Do you remember when the media were gleefully rubbing their hands in anticipation of Arsenal not even making the group stages of this year’s Champions League? Of course you do, how could you forget? Well, last night, in Marseille’s Stade Velodrome, Arsenal took a big step towards qualification for the knockout phases and did so by keeping a European clean sheet for the first time since the days of George Graham, or something like that. With two home games to come in our relatively safe european home, we have to be looking to win the group now.
Ahead of last night’s match, Arsene Wenger had set his team of 4 points from the Marseille double header. The thinking, clearly, being a point away from home and a win at home would put us in with a very chance of progressing. Well, Aaron Ramsey’s last minute goal in a game that had 0-0 written all over it after about twenty minutes was a very cheeky bonus. And, at the home of a club who once caused Arsene Wenger immense personal aggravation, it must have been doubly, triply, sweet to all three of his substitutes combine for the winning goal. Even if Gervinho’s contribution would undeniably fall into the “inadvertent” category.
I don’t really care about how bad Marseille were, particularly for a home side, although they were staggeringly negative, I thought. You can only beat what’s put in front of you and we did that. Marseille, let’s not forget, were the group leaders and Ramsey’s goal the first goal they’ve conceded in this year’s competition. But if they’ve played all their games with nine men behind the ball, as they pretty much did last night, it’s not that surprising.
I mentioned George Graham above and there was much in our play last night that reminded of those mind numbingly tedious European nights he once presided over. A almost total poverty in attack- for Ian Wright, read Robin van Persie islolated and bereft of any hint of quality service. Telling that Robin’s best chance in the first half came after an Arsenal corner, which should have led to an Arsenal penalty; his header was cleared from the line by Diawara.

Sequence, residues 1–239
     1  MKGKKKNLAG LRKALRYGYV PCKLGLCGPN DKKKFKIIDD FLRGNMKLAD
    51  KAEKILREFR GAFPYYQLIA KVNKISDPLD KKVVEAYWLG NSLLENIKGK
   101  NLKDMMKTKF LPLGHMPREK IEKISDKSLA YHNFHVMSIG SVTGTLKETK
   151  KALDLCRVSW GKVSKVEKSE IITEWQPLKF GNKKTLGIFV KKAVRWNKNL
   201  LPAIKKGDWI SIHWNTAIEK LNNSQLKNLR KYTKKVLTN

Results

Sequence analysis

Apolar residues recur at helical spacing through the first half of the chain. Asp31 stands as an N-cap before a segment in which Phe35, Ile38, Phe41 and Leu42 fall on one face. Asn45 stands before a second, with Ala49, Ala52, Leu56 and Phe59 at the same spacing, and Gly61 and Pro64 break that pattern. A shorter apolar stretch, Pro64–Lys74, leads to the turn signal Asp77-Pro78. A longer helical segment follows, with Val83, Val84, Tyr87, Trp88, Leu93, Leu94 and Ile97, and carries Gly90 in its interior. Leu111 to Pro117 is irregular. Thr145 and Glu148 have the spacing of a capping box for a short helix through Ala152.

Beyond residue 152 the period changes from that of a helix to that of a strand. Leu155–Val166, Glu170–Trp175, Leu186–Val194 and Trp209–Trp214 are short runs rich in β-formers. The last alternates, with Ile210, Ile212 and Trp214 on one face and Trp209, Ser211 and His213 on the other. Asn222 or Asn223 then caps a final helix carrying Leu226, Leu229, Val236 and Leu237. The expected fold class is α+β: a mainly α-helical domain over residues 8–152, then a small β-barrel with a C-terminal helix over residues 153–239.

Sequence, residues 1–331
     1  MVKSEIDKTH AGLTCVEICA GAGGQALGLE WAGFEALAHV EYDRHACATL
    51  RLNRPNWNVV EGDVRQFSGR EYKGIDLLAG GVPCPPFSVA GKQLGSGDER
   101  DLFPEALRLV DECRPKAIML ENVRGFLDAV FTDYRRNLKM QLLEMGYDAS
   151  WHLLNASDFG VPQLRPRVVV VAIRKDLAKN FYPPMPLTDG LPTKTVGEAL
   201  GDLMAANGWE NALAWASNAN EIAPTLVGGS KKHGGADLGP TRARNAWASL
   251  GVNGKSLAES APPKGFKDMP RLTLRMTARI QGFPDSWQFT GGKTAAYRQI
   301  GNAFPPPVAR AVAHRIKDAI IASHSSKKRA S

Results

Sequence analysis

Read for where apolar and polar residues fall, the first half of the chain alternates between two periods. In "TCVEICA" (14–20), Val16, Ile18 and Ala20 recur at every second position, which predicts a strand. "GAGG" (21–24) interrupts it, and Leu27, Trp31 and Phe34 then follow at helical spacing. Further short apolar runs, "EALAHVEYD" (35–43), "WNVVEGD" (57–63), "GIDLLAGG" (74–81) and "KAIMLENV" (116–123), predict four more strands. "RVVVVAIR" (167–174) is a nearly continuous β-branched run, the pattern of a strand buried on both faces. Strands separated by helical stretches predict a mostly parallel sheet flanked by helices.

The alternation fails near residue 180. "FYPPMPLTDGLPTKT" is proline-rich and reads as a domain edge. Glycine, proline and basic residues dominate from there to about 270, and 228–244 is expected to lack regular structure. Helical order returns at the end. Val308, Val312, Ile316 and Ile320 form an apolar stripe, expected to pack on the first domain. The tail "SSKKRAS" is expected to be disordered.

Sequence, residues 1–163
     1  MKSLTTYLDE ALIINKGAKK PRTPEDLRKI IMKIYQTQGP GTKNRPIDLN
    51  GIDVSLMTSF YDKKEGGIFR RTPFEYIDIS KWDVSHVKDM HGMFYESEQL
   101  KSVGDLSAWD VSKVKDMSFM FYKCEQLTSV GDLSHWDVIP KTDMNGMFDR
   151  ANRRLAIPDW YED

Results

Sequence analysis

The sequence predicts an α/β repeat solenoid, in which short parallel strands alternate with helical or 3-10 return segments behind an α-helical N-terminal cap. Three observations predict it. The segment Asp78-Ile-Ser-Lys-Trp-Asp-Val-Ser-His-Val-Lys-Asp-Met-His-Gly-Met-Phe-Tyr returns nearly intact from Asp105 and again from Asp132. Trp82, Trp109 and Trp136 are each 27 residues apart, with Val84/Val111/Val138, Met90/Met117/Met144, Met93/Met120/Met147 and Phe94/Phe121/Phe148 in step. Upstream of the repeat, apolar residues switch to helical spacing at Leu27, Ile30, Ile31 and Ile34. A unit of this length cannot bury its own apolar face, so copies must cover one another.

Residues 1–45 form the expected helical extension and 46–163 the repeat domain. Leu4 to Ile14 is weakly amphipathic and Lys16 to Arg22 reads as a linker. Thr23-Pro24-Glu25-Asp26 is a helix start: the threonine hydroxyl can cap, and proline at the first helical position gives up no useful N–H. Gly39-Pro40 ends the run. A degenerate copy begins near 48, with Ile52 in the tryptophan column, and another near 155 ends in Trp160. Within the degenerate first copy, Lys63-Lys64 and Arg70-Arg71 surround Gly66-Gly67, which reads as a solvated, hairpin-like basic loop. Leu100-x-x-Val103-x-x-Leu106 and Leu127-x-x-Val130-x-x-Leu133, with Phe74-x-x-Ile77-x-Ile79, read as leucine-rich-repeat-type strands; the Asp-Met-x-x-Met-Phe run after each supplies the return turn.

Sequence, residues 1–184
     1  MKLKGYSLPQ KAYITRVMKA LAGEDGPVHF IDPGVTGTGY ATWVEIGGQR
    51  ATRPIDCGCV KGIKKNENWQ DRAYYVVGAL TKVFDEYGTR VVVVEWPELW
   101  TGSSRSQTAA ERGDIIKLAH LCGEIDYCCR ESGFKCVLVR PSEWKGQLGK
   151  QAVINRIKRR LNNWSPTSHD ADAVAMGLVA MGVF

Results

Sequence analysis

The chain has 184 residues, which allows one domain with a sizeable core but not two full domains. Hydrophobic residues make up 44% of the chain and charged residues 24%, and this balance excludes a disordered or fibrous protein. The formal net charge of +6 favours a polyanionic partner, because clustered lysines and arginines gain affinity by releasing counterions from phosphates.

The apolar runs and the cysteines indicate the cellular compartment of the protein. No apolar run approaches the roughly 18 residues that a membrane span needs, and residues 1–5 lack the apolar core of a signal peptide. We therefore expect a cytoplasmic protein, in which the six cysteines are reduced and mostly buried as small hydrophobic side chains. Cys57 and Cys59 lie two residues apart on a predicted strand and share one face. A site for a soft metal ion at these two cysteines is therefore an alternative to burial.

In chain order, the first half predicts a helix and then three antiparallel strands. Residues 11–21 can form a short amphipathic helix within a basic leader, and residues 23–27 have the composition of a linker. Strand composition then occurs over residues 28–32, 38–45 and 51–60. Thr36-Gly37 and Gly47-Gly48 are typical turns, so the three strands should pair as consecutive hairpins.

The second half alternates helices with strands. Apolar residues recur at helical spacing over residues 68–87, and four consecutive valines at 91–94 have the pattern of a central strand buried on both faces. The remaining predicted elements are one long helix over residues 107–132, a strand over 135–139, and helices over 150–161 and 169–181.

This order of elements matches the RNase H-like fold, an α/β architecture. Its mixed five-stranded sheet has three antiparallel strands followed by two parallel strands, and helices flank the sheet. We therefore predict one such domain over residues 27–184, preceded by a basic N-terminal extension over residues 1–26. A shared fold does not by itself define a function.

At the other end, Mertesacker and Koscielny were doing a passable impersonation of Bould and Adams and restricted the home side to scraps. A penalty against Jenkinson for handball would have been harsh in my opinion, although probably correct by the letter of the law. Loic Remy came closest to breaking the deadlock for Marseille, tricking his way past Mertesacker and Jenkinson, only for the youngster to make a superb recovery and deflect his shot just past the far post.
I noticed something in the first half guys. I noticed that Jenkinson doesn’t like the idea of passing to Theo Walcott- let’s face it, he’s probably seen enough of him to know it’s not a great idea. I’m kinda okay with that, but if he’s going to run down the line and fire in crosses himself, it would be a good idea to wait for the cavalry to arrive. But I can equally apply that to Mr Walcott.
Jenkinson got a bit bashed up in the first half and after a penalty box scramble in the second half which Alex Song initially did amazingly well to break up, before inexplicably trying to dribble his way out, Jenkinson made way for Djourou. Which, with Blackburn fresh in our minds, was quite a scary thought. As Arsenal focussed on keeping the ball, Arteta particularly effective, and Marseille concentrated on defending in numbers (helped by some sloppy Arssing), it seemed both teams had settled for a mutually beneficial 0-0. Walcott had a great chance as he burst down the right, capitalising on some sloppy defending, but was denied at the near post by Mandanda and that was about all he did.He was replaced by Gervinho and minutes later the ineffective Arshavin made way for Ramsey.
As the minutes ticked away, with Arsenal so comfortable at the back, I’m sure the excellent Koscielny, Mertesacker and Szczesny could have got the cigars out, van Persie finally got a decent pass but again saw Mandanda unbeatable on his near post. Just as the 0-0 seemed certain, Djourou- who had actually performed very well at right back despite yet another ludicrous booking for a great tackle- got down the right and fired his cross in. Gervinho jumped to control on the edhge of the box, but succeeded only in flicking it on for Aaron Ramsey. The Welshman took a touch, paused to fix his hair and then smashed the ball in off the near post before setting off on a lengthy celebratory run.
I know it was far from vintage Arsenal, but I’m sure I’m not alone in thinking that it was great to see another side to Arsenal last night, a calm, composed and mature Arsenal. Particularly with 3 of our preferred back 4 missing. Onwards and upwards!
And thanks to @rachid253 for today’s blog title.